The Council of Europe’s report “paints a very worrying picture of systemic failings in Malta”, according to Reporters Without Borders (RSF) which has urged the Parliamentary Assembly of the Council of Europe (PACE) delegates to support the report when it is presented to the committee.
The international press freedom organisation was reacting to press reports yesterday on some of the issues outlined in the assessment by Special Rapporteur Pieter Omtzigt, which was leaked.
The Dutch MP was tasked by PACE to investigate the assassination of Daphne Caruana Galizia and the rule of law in Malta. It is the first EU Member State to be subjected to the scrutiny of a Special Rapporteur.
“The report paints a very worrying picture of systemic failings in Malta in terms of rule of law and democratic checks and balances – a situation that allowed for the assassination of Daphne Caruana Galizia and continued impunity for her killers over a year and a half later,” said RSF’s UK Bureau Director Rebecca Vincent.
Last week, RSF called on PACE to open country monitoring procedures on Malta during a hearing held in London.
RSF is urging all PACE delegates to support the report and the accompanying draft resolution when it is presented to the committee. “In failing to bring Caruana Galizia’s killers to justice and refusing to address the deteriorating press freedom climate and broader democratic shortcomings, the Maltese government is in clear breach of its obligations under the European Convention on Human Rights and must be held to account,” Vincent told The Shift News.
The report describes Malta’s system as “dysfunctional” and says the reform packages recommended by the Venice Commission and GRECO must be implemented “as a matter of urgency”. It also calls on Malta to establish an independent public inquiry on Caruana Galizia’s assassination within three months.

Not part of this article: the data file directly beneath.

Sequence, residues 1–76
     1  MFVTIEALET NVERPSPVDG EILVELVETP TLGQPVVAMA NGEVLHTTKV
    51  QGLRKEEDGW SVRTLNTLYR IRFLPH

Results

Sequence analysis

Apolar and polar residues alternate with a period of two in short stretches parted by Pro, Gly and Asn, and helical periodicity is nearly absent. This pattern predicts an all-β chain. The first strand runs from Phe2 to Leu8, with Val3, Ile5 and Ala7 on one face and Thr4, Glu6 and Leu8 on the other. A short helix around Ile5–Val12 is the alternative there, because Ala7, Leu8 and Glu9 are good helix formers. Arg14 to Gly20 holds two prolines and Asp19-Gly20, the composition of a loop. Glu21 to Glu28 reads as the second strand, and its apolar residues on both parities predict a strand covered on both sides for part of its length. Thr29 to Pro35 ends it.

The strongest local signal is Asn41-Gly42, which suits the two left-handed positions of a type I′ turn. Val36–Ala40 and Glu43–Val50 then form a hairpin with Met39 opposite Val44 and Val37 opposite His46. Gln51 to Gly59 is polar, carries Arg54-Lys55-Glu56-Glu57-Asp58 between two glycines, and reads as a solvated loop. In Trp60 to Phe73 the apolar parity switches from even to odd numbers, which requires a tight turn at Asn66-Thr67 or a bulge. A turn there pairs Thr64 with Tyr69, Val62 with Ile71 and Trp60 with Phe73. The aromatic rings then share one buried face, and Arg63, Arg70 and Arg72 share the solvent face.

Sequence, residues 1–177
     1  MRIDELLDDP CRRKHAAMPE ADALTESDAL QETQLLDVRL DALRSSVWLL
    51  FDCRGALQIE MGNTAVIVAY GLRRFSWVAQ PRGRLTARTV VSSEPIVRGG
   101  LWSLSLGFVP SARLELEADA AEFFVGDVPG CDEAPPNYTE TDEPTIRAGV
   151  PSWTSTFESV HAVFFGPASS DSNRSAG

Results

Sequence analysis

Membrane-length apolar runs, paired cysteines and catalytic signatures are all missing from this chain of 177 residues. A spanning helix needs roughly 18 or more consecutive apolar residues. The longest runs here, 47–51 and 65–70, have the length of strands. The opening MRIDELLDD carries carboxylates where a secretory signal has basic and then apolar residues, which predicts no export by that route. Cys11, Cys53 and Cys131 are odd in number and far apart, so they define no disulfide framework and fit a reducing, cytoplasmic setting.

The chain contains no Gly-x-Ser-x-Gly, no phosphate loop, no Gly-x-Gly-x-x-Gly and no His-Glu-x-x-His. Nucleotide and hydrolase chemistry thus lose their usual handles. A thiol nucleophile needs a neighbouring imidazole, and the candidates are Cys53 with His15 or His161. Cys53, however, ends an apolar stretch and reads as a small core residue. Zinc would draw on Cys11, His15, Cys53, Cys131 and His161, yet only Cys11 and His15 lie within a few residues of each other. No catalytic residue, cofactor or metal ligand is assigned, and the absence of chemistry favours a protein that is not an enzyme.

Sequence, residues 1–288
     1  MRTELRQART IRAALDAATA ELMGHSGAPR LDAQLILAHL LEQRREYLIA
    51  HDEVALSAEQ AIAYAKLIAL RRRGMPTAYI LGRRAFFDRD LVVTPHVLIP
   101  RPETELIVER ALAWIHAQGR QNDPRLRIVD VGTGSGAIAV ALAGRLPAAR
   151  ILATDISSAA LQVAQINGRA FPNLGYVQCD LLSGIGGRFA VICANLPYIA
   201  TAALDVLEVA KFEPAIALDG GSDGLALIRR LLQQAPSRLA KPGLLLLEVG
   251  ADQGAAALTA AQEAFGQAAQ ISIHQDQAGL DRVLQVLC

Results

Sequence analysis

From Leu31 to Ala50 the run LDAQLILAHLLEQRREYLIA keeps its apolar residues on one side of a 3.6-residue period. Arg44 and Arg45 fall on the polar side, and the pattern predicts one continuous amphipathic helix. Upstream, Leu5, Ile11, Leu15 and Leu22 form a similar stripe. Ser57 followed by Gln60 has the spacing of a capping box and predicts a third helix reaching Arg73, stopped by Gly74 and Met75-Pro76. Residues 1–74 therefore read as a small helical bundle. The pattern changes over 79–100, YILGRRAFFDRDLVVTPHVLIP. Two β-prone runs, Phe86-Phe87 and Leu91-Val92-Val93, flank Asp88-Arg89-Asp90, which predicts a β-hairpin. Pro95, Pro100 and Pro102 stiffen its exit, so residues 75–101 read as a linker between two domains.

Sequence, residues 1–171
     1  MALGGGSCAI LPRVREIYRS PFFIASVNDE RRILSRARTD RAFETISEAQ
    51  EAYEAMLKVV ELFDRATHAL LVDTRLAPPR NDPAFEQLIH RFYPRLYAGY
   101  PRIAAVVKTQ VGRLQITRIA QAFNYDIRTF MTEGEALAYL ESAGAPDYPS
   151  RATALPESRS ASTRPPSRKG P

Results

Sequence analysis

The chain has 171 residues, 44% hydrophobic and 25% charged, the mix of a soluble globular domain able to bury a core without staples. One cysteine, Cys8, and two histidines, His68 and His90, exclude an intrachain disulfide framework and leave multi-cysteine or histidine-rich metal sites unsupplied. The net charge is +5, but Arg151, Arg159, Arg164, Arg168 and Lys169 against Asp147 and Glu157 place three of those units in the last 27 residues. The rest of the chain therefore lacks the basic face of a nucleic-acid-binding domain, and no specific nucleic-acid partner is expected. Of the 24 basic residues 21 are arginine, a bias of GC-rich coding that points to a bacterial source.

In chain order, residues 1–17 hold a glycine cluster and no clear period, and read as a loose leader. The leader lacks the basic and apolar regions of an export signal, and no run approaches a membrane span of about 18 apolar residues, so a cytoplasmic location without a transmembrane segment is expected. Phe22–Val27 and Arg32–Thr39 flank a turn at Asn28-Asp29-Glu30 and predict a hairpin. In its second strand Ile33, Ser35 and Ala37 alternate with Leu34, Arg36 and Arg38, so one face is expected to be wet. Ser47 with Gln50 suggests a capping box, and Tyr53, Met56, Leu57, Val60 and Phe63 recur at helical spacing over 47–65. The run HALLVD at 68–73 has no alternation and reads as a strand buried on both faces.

“We strongly support the call for the immediate establishment of a public inquiry into Caruana Galizia’s assassination, and would welcome an amendment calling for PACE to open country monitoring procedures on Malta if a public inquiry is not launched within the three-month window set out in the report,” she added.
The report raises no less than 10 “serious concerns” about the investigation into Caruana Galizia’s murder. The current state of the murder investigation is described as suffering from a “prevailing culture of impunity”.
Maltese authorities are called upon to robustly investigate and prosecute those suspected of being involved in the scandals Caruana Galizia exposed, as well as those who carried out the murder and masterminded it.
Most alarming of all, the report points out that the security service could have had prior intelligence about the bomb plot, and that suspects may have been warned before their arrest.
The government had attempted to remove the mandate of the Special Rapporteur but failed – a move the Committee to Protect Journalists (CPJ) had said was “deeply concerning”.
Prime Minister Joseph Muscat’s had also attempted to discredit the Council of Europe’s Special Rapporteur in Parliament in Malta when he said he had “doubts” about his integrity.